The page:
Congress Should Block Trump’s Lame Duck Arms Deals With UAE
Earlier this month, the Trump administration notified Congress of plans to sell over $23 billion in U.S. arms to the United Arab Emirates. The offers included advanced F-35 combat aircraft, armed MQ-9 drones, and an astounding $10 billion worth of bombs and missiles. The Trump team is seeking to rush through the sales in an effort to tie the hands of the incoming Biden administration. This gambit must not be allowed to succeed.
The UAE’s record of reckless military adventures and internal human rights abuses should disqualify it from receiving U.S. weaponry at this time.
Yemen is a case in point. The UAE has withdrawn most of its troops from Yemen, but it remains a member of the Saudi-led coalition that has killed thousands of civilians in indiscriminate air strikes while provoking a humanitarian crisis that has left more than 100,000 people dead and put millions more on the brink of famine. For years, the UAE served as the backbone of the coalition’s ground war in Yemen. It was also involved with allied Yemeni militias in running a series of secret torture facilities there. The UAE continues to arm, train and pay the salaries of militias that have engaged in systematic human rights abuses. The United States should refrain from selling the UAE arms of any kind until it stops stoking the conflict in Yemen and enter into a peace agreement to end the war.
There are other reasons to think twice about helping to stock the Emirati arsenal. The UAE has proved to be an unreliable steward of U.S.-supplied weaponry. In Yemen, U.S.-origin armored vehicles and small arms provided to UAE forces have ended up in the hands of extremist militias, and even with the Houthi opposition, in contravention of U.S. regulations.
In Libya, the UAE has been violating a United Nations embargo by supplying arms to Khalifa Hifter’s Libyan National Army, which has killed large numbers of civilians in its effort to overthrow the internationally recognized government there. The UAE has also carried out lethal drone strikes in Libya that have killed civilians there.
The UAE’s internal human rights record is also cause for serious concern. As Human Rights Watch has noted: “UAE residents who have spoken about human rights issues are at serious risk of arbitrary detention, imprisonment, and torture. Many are serving long prison terms or have left the country under pressure.” Dissidents who have left the country — and their families — have faced harassment, intimidation and surveillance by the UAE government’s security apparatus.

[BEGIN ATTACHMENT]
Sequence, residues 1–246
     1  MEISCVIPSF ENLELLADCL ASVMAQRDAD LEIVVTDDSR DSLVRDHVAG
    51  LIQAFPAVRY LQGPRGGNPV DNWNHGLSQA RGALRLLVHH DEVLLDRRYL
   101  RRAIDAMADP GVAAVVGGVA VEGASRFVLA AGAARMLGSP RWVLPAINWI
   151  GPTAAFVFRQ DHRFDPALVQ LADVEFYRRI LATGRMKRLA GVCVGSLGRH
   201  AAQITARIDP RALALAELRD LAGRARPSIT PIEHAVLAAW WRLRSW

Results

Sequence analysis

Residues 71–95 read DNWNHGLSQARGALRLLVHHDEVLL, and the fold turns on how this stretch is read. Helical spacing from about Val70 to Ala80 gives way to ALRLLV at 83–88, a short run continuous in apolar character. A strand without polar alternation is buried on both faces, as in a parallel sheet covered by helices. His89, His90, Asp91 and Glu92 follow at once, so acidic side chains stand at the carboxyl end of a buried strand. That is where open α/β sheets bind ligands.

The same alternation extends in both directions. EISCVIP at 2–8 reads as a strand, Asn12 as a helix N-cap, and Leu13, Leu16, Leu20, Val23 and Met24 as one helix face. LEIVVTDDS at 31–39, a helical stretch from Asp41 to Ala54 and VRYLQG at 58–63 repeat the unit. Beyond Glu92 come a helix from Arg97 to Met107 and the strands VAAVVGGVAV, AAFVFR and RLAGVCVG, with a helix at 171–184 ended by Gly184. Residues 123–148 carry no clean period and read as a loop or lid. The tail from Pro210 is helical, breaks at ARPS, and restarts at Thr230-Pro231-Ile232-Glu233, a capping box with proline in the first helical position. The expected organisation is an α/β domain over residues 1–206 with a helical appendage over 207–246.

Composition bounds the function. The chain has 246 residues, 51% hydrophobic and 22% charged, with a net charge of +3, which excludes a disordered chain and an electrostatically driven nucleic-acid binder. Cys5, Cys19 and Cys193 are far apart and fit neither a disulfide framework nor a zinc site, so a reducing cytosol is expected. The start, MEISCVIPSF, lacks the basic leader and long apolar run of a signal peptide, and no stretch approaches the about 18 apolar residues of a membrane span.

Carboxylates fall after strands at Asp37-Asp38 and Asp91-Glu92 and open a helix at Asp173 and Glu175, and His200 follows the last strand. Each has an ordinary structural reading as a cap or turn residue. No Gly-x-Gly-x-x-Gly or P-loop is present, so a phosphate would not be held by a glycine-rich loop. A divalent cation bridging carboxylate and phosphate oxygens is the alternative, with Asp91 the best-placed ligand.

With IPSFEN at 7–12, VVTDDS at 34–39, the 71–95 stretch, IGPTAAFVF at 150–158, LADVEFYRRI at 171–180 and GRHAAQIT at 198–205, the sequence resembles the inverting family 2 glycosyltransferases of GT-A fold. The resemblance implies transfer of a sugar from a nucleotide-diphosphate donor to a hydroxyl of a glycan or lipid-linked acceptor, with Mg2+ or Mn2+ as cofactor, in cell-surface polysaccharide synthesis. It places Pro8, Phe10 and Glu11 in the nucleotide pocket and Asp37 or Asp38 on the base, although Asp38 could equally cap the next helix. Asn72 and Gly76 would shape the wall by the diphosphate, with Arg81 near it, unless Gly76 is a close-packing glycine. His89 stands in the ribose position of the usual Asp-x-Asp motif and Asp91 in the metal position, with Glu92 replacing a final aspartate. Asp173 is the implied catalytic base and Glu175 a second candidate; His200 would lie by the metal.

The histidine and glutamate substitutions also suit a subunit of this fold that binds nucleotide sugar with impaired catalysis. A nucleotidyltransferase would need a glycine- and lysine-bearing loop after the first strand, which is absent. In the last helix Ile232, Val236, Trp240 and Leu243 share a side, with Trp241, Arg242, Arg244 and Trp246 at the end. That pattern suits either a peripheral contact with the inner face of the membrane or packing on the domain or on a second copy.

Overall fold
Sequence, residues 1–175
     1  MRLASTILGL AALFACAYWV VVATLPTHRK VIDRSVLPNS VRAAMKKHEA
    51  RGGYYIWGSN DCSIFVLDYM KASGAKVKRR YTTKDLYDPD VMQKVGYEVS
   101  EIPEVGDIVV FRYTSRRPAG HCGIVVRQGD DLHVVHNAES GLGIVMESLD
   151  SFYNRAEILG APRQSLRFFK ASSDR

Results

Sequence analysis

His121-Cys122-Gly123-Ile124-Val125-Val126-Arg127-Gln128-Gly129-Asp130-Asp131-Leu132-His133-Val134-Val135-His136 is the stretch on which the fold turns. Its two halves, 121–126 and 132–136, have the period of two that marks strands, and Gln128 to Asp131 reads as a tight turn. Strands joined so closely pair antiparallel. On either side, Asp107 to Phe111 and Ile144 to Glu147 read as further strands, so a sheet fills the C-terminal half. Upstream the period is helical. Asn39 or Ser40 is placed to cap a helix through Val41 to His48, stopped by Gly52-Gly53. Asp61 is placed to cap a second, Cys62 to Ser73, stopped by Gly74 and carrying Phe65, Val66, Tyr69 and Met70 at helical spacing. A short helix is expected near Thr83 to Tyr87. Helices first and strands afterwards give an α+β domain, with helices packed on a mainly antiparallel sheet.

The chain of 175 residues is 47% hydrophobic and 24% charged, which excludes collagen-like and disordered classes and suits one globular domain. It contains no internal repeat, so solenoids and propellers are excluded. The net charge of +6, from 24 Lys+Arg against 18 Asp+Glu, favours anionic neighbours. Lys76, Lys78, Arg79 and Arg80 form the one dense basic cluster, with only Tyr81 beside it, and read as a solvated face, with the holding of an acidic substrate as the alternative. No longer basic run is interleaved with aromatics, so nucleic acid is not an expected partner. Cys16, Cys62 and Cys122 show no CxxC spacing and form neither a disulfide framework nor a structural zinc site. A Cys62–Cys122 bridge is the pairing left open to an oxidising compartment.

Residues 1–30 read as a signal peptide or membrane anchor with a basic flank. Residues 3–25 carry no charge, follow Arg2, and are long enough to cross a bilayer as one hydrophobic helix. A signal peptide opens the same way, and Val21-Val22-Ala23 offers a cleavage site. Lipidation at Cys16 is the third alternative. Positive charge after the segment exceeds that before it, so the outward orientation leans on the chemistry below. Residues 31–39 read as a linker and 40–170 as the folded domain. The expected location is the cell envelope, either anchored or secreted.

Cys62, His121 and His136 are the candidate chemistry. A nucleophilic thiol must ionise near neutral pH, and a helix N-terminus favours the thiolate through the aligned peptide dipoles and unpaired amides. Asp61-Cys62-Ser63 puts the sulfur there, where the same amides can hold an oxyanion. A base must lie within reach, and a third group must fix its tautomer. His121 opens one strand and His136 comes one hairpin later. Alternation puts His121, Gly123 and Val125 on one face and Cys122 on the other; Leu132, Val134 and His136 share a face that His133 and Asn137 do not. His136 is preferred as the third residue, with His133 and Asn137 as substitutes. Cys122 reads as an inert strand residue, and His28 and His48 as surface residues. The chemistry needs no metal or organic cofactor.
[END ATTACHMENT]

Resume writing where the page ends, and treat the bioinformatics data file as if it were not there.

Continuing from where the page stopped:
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Congress should block the UAE arms deals, and key members are working to do just that. In the House, Rep. Ilhan Omar (D-MN) has introduced joint resolutions of disapproval to stop the sales, and Senators Chris Murphy (D-CT), Robert Menendez (D-NJ), and Rand Paul (R-KY) have done the same in the Senate. Senator Murphy made the following statement in opposition to the sales:
‘The UAE has violated past arms sales agreements, resulting in U.S. arms ending up in the arms of dangerous militia groups, and they have failed to comply with international law in Libya and Yemen. A sale this large and this consequential should not happen in the waning days of a lame duck presidency, and Congress must take steps to stop this dangerous transfer of weapons.”
Rep. Omar reinforced the point:
“Since he took office, Donald Trump has empowered some of the worst human rights abusers in the world—and the UAE is no exception,” Rep. Omar said. “Besides their very well-documented war crimes in Yemen, the UAE has also been credibly accused of committing war crimes in Libya. They’re also reportedly paying for child soldiers from the same militia that committed the Darfur genocide, badly undercutting the transition to democracy in Sudan.”
Efforts to block arms transfers are notoriously hard to carry out, as it takes a veto proof majority of both houses of Congress to stop a sale. This was underscored last year when the Trump administration vetoed measures passed by the House and Senate that would have blocked a multi-billion sale to Saudi Arabia and the UAE that included tens of thousands of precision-guided bombs of the kind that had been used in air strikes that have killed thousands of civilians in Yemen. But this record of resistance from the executive branch should not dissuade opponents of the sales from working to prevent them from going forward.
Even if the Congressional effort to stop the UAE sales falls short, it will send a strong message to the UAE’s leadership that its conduct does not have a stamp of approval from the entirety of the U.S. government, and Congressional action could set the stage for a reversal of the deal when President-elect Biden takes office in January. Stopping the UAE deal would be consistent with Biden’s pledge to stop support for Saudi Arabia’s war effort in Yemen. The UAE is equally culpable for the humanitarian crisis in Yemen, and, it has also played a negative role in the Middle East and North Africa while engaging in an unacceptable campaign of internal repression.
This is the wrong time to be selling arms to the UAE.